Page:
Canadian fields, however, gained in 1960 in exports to the United States Puget Sound, Midwest and Detroit Toledo areas, with average exports about 112,500 barrels daily, a 23,000 barrels gain over the average 1959 exports of 91,500 barrels daily. (Of January 1961 is forecast 602,000 barrels daily, about 481,700 barrels is slated f or delivery to Canadian refineries and 120,300 barrels daily to American plants. Without an effective National Policy, these volumes will drop in months ahead).
Canada, it will be recalled, is a rarity among world nations. It has no formal National Oil Policy, neither to promote voluntary nor compulsory expansion of markets for domestic oil, despite the fact the nation is more than capable of selfsufficiency, has a net trade deficit on petroleum account alone of some $400,000,000 yearly, and a great need to boost its own lagging economy and to reduce its heavy international balance of payments deficit.
Well aware of Canadian Oil's economic and defence importance to the United States over the long term, the U.S. has exempted Canadian petroleum from the import quotas it imposes on offshore oil and products (thus helping make possible the increase in our oil exports to neighboring U.S. areas where Canadian crude is fully competitive with U.S. domestic oil). But meantime, Canada continues its 'open door' to imports, with neither tariff nor quota protection, and thus encourages a continuing whittling down of Canadian Oil's percentage of the domestic market, and continuing heavy trade and balance of payments deficits.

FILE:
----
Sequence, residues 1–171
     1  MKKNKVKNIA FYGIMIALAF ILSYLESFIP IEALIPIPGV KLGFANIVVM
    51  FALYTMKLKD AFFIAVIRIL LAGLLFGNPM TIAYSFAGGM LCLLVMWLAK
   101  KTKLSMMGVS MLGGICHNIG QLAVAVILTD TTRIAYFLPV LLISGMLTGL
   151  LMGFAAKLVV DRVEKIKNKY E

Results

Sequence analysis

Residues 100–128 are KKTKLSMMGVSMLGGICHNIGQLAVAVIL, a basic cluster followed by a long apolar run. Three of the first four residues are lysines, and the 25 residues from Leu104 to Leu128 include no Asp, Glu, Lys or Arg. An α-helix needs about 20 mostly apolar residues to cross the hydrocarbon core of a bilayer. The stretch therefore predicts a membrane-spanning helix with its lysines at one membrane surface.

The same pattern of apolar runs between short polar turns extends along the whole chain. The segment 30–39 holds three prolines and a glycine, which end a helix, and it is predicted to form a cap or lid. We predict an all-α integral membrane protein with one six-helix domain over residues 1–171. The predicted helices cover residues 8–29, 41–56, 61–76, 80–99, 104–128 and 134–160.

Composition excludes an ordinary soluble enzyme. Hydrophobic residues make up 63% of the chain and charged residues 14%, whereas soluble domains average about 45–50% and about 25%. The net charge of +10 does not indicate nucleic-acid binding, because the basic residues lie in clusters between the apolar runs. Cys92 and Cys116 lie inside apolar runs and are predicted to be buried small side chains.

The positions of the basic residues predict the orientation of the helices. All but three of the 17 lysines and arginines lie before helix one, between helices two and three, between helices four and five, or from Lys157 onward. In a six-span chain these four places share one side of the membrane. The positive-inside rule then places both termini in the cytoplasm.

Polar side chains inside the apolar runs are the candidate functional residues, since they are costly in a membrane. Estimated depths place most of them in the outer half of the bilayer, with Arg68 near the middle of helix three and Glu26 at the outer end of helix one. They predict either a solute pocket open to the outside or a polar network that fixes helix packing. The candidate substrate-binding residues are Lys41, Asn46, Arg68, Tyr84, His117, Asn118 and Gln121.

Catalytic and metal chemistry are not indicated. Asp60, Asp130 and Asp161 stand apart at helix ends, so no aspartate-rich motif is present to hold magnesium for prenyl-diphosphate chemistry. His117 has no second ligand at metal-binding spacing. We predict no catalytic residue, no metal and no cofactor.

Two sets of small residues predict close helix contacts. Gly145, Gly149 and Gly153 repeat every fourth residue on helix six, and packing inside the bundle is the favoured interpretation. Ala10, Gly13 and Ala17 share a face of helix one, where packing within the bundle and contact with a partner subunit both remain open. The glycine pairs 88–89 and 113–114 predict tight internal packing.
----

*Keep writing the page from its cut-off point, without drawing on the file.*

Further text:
Back in July 1959, eighteen months ago, the Borden Royal Commission on Energy reported on the already apparent 'Oil Problem'. It recommended a production target of 700,000 barrels per day, which it felt could be reached by December 31st, 1960 by increased sales within Canadian and American market areas already connected by pipeline to Western Canadian fields. The government itself his never formally endorsed the Borden recommendations, and only informally (in recent months) has it made use of its National Energy Board in an effort win wider voluntary support from companies sharing the petroleum market in Canada towards broader use of domestic oil. In the absence of a firm official declaration of a National Policy, there is little hope that 1961 can show better than a 560, 000 barrels production average, a big 140, 000 barrels daily short of the target that Borden suggested for the end of 1960.
1961 offers a bright picture for Natural Gas, an uncertain future for Petroleum, But it may be assumed that Prime Minister John Diefenbaker and members of his government are being made increasingly aware of the nation's 'Oil Problem' by the fact gathering National Energy Board and by others. Effective action to make greater use of the existing transport facilities to market areas where Canadian oil now reaches, or if necessary, to Canadian markets now being fully supplied with foreign petroleum can provide the biggest single lift to the 1961 Canadian Economy, and the biggest single improvement to Canada's international trade and payments position. Canada's benefits in each area could be in terms of hundreds of millions of dollars yearly. These facts could well make 1961 the Year of Canada's Oil Decision, and thus radically alter the present outlook for the industry and the nation.